MADRID (Reuters) - Catalan and Basque regional parties won more votes than ever before in Sunday’s Spanish parliamentary election, but their ability to wring funds out of the central government will be stifled by the conservative party’s control of parliament.
Spain’s central government is often at odds with the fiercely distinct Catalan and Basque regions and political tensions are bound to rise after the election bolstered parties that promote autonomy from the rest of the country.
Mariano Rajoy’s center-right People’s Party — opposed to more powers for autonomous regions — won an absolute majority in the lower house of parliament as Spaniards punished the outgoing Socialists over 21.5 percent unemployment, huge debt and for taking the country to the brink of a euro zone rescue.
That means the PP, unlike most Spanish governments before it, will not need to court the votes of Basque and Catalan parties to pass laws.
In the past those regions — already among Spain’s wealthiest — won financial concessions as a way to secure their support. But such deals, always opaque, were resented elsewhere in Spain where Catalan and Basque independence movements are regarded with suspicion.
“I promise to govern without sectarianism ... Nobody need be worried. My only enemies will be unemployment, excessive debt and economic stagnation,” Rajoy said in his victory speech, a clear wink to autonomous political movements.
The incoming government has a tricky political job on its hands if it wants to keep peace with regions after decades of mistrust.
The PP has its roots in old centralist Spain and the repression of Catalans and Basques under the dictatorship of General Francisco Franco until his death in 1975. Some of the party’s most vociferous members have made statements perceived as anti-Catalan or anti-Basque.
Xavier Vidal-Folch, political commentator at newspaper El Pais, said that even with a huge national majority the PP was still only the third most voted-for party in Catalonia and the fourth in the Basque region.
He said the PP would have to make overtures to Catalans and Basque leaders or “live with a latent conflict which gets deeper and will worsen the bad mood on the streets.”
“Rajoy mustn’t forget that the crisis is unforgiving. (Former Greek PM) Papandreou only lasted two years and he won an absolute majority too.”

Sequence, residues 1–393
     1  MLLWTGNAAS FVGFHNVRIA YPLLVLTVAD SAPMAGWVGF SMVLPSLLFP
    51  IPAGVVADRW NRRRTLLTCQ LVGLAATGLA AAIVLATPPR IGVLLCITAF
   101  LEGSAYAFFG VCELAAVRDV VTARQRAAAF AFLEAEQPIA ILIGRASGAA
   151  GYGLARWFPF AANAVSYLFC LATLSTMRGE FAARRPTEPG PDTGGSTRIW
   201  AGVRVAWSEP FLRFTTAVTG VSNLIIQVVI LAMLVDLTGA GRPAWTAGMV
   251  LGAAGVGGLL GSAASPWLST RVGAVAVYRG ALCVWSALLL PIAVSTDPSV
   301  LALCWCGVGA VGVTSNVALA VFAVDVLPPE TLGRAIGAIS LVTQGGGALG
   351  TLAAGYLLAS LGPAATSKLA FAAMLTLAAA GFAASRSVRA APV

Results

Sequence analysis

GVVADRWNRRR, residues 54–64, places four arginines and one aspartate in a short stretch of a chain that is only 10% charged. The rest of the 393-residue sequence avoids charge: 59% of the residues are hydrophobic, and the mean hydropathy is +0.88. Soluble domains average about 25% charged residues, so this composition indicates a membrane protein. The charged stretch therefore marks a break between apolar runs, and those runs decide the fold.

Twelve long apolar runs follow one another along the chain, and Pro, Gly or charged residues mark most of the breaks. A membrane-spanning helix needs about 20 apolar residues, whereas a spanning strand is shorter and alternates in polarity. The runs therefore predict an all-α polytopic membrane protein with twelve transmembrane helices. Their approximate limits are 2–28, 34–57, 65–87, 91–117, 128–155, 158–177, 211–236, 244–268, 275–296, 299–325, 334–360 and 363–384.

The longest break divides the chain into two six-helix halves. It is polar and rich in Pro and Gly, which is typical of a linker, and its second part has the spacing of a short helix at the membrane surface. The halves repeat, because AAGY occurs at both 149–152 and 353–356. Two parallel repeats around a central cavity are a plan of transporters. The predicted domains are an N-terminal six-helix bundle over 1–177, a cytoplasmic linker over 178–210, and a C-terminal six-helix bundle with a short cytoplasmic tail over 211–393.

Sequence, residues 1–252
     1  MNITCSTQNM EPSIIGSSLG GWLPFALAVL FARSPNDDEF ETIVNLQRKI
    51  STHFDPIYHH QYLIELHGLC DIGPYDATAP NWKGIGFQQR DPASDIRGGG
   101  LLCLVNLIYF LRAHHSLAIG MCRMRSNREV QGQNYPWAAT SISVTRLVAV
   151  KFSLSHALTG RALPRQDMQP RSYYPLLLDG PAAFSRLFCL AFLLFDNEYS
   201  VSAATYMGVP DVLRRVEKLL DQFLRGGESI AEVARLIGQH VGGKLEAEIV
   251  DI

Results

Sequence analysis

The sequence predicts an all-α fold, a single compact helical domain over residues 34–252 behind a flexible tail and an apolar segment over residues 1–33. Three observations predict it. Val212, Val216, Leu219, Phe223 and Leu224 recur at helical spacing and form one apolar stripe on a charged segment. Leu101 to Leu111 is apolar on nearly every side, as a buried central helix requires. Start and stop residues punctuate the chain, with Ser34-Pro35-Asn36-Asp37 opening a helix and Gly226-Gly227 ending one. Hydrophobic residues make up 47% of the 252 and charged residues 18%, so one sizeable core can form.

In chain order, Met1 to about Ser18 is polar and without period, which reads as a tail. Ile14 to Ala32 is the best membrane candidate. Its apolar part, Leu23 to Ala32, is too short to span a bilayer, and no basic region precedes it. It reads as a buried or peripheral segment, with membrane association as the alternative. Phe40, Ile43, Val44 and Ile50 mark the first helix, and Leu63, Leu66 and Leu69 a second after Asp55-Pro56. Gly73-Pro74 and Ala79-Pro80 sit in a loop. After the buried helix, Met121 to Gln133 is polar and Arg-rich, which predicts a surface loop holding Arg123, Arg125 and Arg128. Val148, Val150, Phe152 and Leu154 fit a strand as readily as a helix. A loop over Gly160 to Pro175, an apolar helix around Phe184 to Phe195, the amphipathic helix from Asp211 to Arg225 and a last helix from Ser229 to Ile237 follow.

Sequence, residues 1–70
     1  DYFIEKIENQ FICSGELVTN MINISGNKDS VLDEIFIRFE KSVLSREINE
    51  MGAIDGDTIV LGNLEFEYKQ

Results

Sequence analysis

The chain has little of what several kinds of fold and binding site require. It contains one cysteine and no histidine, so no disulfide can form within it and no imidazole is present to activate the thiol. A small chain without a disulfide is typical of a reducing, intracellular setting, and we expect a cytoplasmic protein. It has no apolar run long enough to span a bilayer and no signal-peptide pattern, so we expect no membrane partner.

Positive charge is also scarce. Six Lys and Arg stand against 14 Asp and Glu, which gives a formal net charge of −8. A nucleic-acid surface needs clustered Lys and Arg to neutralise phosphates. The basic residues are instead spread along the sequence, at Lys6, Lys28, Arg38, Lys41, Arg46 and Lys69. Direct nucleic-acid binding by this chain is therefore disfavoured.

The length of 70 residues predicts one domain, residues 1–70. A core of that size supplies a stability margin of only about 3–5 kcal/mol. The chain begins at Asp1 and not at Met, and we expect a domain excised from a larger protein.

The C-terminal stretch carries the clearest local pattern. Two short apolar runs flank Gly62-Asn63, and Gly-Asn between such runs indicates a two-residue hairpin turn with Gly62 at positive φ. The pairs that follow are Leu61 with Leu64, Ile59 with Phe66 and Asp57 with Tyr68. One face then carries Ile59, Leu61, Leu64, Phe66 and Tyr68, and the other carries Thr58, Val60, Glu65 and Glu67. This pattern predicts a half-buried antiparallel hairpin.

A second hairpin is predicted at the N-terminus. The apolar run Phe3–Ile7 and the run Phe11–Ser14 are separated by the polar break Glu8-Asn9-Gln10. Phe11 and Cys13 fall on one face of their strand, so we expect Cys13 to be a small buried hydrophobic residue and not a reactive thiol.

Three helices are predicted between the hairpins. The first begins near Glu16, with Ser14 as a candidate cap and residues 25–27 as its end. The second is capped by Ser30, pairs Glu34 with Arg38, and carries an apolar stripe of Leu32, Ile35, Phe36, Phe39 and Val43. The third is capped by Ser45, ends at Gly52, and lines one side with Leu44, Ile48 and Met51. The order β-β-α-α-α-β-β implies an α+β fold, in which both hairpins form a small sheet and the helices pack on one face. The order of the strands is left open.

Something that could help keep the political peace is the fact that Spaniards everywhere are overwhelmingly more worried about the economy than they are about nationhood, said Carlos Barrera, politics professor at the Navarre University.
“But the strength of the victory of (left-wing) Amaiur must be taken into account,” he said.
Amaiur, a regrouping of former supporters of the violent Basque separatists ETA, won an astounding seven seats in parliament on Sunday, surpassing moderate Basque nationalists PNV in its ballot debut.
Weeks before the election ETA renounced its four-decade armed struggle to form a Basque homeland, an era of bombings and shootings that blighted the whole country. Amaiur still favors independence for the Basques.
The political climate in the Basque region is also different from the rest of Spain because its economy is relatively better off. Basque unemployment is only 12 percent compared with 21.5 percent in Spain as a whole.
Overspending in Spain’s 17 autonomous regions is at the center of investor doubts about the country’s ability to pay its debts.
But the Basque region is on target to reach its budget deficit target this year. Fitch’s credit ratings agency gives the autonomous region’s long term debt an “AA” rating, better than Spain’s own “AA-.”
Catalonia has a lower “A-“ rating and, although the regional government, run by the nationalist party Convergencia i Unio, is set to bring down the deficit dramatically this year, they will not reach targets. Unemployment is also closer to the national average at 19.4 percent.
CiU won Sunday’s vote in Catalonia by around 2.5 percentage points despite controversial cuts in health spending which have prompted street protests and a health workers’ strike.
Additional reporting By Jonathan Gleave; Editing by Angus MacSwan